I rise to bring attention to a tragic story, the story of Elijah Doughty. Elijah lived in the city of Kalgoorlie-Boulder. He was 14 years of age. Kalgoorlie is known for the tensions that exist between Indigenous and non-Indigenous residents, but it is home for many people. This is important background for the story that follows.

Elijah Doughty was killed just before 9 am on 29 August 2016. A man in a two-tonne Nissan Navara ute ran over Elijah, who was riding a small 70cc motorbike. But this wasn't an average road accident. The man had gone to the area known as Gribble Creek to look for two motorbikes stolen from his home the day before. He said police had told him to go there because the area was a known dumping ground. When he arrived, he noticed 14-year-old Elijah on a motorbike, and he made, in his words, a 'split-second' decision to chase him. Elijah was never going to get away from the ute. The chase ended with Elijah rolled under the over-one-tonne ute. Elijah died instantly at the scene, his spinal cord severed at the base of his brain.

A bike for a life is not justice. The next day, the man was charged with manslaughter, and the town of Kalgoorlie erupted. The man's house was burnt down, and his wife and two children moved out of Western Australia because of concerns for their safety. I do not and never will condone violence in our communities, but the behaviour that followed in the community, particularly the Indigenous community, was consistent with their ongoing sense of justice denied.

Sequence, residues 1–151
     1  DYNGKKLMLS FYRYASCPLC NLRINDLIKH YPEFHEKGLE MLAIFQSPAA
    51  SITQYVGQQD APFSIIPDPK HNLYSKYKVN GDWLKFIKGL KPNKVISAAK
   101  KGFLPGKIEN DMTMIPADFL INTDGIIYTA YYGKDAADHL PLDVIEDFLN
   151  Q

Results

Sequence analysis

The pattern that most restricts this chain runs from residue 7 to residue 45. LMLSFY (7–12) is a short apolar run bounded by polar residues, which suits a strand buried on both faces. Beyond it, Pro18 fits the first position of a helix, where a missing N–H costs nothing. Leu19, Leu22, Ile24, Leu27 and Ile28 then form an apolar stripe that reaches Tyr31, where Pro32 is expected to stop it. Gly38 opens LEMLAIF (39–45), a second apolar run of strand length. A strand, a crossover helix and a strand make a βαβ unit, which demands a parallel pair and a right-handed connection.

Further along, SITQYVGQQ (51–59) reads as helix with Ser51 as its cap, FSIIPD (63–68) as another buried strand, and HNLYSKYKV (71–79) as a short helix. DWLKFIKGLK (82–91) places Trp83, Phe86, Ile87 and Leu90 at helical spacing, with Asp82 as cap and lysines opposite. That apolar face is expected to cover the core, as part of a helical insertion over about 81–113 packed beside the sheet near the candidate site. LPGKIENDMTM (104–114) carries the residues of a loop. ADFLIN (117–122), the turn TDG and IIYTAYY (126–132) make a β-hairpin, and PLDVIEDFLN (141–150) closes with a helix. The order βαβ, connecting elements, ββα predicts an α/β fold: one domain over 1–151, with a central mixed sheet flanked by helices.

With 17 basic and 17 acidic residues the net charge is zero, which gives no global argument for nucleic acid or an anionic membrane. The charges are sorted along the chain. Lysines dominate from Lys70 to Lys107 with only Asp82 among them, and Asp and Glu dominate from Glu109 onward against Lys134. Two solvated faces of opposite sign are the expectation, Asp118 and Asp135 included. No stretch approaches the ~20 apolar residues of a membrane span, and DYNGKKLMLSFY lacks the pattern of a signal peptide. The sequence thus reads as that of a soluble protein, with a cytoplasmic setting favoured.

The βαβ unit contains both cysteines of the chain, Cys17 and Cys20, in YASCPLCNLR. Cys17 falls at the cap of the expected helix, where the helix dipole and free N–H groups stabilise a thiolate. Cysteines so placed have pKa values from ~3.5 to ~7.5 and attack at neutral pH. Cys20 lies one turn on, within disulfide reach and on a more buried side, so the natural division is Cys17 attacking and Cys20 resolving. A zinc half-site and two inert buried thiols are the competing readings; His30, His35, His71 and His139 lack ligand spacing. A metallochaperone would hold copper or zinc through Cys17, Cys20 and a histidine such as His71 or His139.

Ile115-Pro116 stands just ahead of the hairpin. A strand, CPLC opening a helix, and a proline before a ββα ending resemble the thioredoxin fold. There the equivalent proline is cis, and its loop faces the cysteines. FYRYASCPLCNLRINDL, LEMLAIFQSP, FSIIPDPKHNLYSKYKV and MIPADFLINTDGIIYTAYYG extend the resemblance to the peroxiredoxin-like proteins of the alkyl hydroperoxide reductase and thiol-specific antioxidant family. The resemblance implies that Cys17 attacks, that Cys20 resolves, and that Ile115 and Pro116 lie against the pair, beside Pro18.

The perception in the community of justice denied did not stop there. The jury of the Supreme Court of Western Australia cleared the man of manslaughter, instead finding him guilty of the lesser charge of dangerous driving causing death. He was given a sentence of three years jail and a licence disqualification for two years. He will be eligible for parole and, because he has already served 11 months, the man could be out as early as January next year. There is no appeal of the sentence. The Aboriginal community felt the message was that you can kill an Aboriginal person without too much consequence.

I cannot help but see similarities between Elijah's case and the 1983 death of 16-year-old John Pat in Roebourne. It sparked the royal commission into Aboriginal deaths in custody. In Elijah's case, I do not question or criticise the validity of the court judgement, but when I saw the news breaking across the television that the accused had been acquitted of manslaughter, I knew that the community could feel that justice has been denied yet again. This was echoed across the country in the weeks that followed. In comparison to the protests that erupted after John Pat's death, the protests were largely peaceful. People marched with signs that read 'Justice for Elijah' and 'No justice, no peace'.

After Elijah's death, I sat down with Albert Doughty, Elijah's grandfather, who had been looking after him. I sat with him as a grandfather to a grandfather, listened to his story and shared his grief for his dear grandchild and the concerns he had for his other grandchildren. I'm here to recognise Elijah Doughty and the tragedy of his death. I'm here to honour this little boy, his humanity and his family.

On the day the Supreme Court handed down the sentence, once I had been able to collect my thoughts, I wrote to Albert. I found it very hard. In my mind again were the senseless deaths of Ms Dhu, in a Port Hedland lockup, and Mr Ward, fried to death in the back of a prison van on his way back to Kalgoorlie. I wanted Albert to know that Elijah's death mattered and that what happened to him was an unfair and unjust tragedy. I wanted him to know the family was not alone. And I wanted also the community of Kalgoorlie to know that they had to take compassion and leadership in this matter and that I'm confident that the community and the family will heal.

The ACTING DEPUTY PRESIDENT: Thank you. That was quite a moving presentation, Senator Dodson.

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